24. 24.
    Bujalowski W, Lohman TM (1987) A general method of analysis of ligand-macromolecule equilibria using a spectroscopic signal from the ligand to monitor binding. Application to Escherichia coli Single-Strand Binding Protein-Nucleic Acid Interactions. Biochemistry 26:3099–3106CrossRefPubMedGoogle Scholar
  25. 25.
    Bujalowski W (2006) Thermodynamic and kinetic methods of analyses of protein − nucleic acid interactions. From Simpler to More Complex Systems. Biochemistry 106:556–606Google Scholar
  26. 26.
    Schwarz G (2000) A universal thermodynamic approach to analyze biomolecular binding experiments. Biophys Chem 86:119–129CrossRefPubMedGoogle Scholar
  27. 27.
    Bisswanger H (2008) Multiple equilibria. In: Bisswanger H (ed) Enzyme kinetics: principles and methods, 2nd edn. Wiley-VCH Verlag GmbH & Co. KGaA, Weinheim, pp. 7–58CrossRefGoogle Scholar
  28. 28.
    Adair GS (1925) The hemoglobin system. The Oxygen dissociation Curve of Haemoglobin. J Biol Chem 63:529–545Google Scholar
  29. 29.
    Zhang D, Nettles CB (2015) A generalized model on the effects of nanoparticles on fluorophore fluorescence in solution. J Phys Chem C 119:7941–7948CrossRefGoogle Scholar
  30. 30.
    Credi A, Prodi L (2014) Inner filter effects and other traps in quantitative spectrofluorimetric measurements: origins and methods of correction. J Mol Struct 1077:30–39CrossRefGoogle Scholar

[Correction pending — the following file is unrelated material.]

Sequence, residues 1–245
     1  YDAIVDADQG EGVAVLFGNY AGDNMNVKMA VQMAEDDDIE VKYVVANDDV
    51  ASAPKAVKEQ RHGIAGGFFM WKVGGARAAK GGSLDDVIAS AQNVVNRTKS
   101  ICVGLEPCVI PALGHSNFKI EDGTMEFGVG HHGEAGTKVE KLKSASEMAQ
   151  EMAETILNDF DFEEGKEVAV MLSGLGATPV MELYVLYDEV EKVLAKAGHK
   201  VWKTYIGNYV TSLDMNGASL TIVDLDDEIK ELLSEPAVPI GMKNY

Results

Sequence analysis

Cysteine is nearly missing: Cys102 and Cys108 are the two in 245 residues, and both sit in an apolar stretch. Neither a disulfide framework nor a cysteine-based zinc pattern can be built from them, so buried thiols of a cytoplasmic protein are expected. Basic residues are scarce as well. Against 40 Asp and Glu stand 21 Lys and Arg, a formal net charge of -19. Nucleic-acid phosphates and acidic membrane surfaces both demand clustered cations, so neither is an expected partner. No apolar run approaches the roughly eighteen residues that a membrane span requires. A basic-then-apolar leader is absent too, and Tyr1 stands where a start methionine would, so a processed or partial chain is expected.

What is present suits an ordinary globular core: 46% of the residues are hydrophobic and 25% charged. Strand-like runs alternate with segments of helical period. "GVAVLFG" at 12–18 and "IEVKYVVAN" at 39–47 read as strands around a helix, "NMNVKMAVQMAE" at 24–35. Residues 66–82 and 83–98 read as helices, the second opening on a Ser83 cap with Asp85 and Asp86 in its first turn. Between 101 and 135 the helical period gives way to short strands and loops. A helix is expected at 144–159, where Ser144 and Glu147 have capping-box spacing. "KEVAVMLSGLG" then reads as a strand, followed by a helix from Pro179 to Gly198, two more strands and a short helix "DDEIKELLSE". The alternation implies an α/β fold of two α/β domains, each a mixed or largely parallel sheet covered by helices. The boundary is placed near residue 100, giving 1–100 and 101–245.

31. 31.
    Shang L, Brandholt S, Stockmar F, Trouillet V, Bruns M, Nienhaus GU (2012) Effect of protein adsorption on the fluorescence of ultrasmall gold nanoclusters. Small 8:661–665CrossRefPubMedGoogle Scholar
  32. 32.
    Bunz UHF, Rotello VM (2010) Gold nanoparticle–fluorophore complexes: sensitive and discerning “noses” for biosystems sensing. Angew Chem Int Ed 39:3268–3279CrossRefGoogle Scholar
  33. 33.
    Kuzmic P (1996) Program DYNAFIT for the analysis of enzyme kinetic data: application to HIV proteinase. Anal Biochem 237:260–273CrossRefPubMedGoogle Scholar
  34. 34.
    Ackerson CJ, Powell RD, Hainfeld JF (2010) Site-specific biomolecule labeling with gold clusters. Methods Enzymol 481:195–230PubMedCentralCrossRefPubMedGoogle Scholar
  35. 35.
    Sousa AA, Morgan JT, Brown PH, Adams A, Jayasekara MPS, Zhang G, Ackerson CJ, Kruhlak MJ, Leapman RD (2012) Synthesis, characterization, and direct intracellular imaging of ultrasmall and uniform glutathione-coated gold nanoparticles. Small 8:2277–2286PubMedCentralCrossRefPubMedGoogle Scholar
  36. 36.
    You C-C, Miranda OR, Gider B, Ghosh PS, Kim I-B, Erdogan B, Krovi SA, Bunz UHF, Rotello VM (2007) Detection and identification of proteins using nanoparticle–fluorescent polymer ‘chemical nose’ sensors. Nat Nanotech 2:318–323CrossRefGoogle Scholar
  37. 37.
    Aguila A, Murray RW (2000) Monolayer-protected clusters with fluorescent dansyl. Langmuir 16:5949–5954CrossRefGoogle Scholar

Copyright information

© Springer Science+Business Media New York 2015

Authors and Affiliations

  1. 1.Department of BiochemistryFederal University of São PauloSão PauloBrazil

Personalised recommendations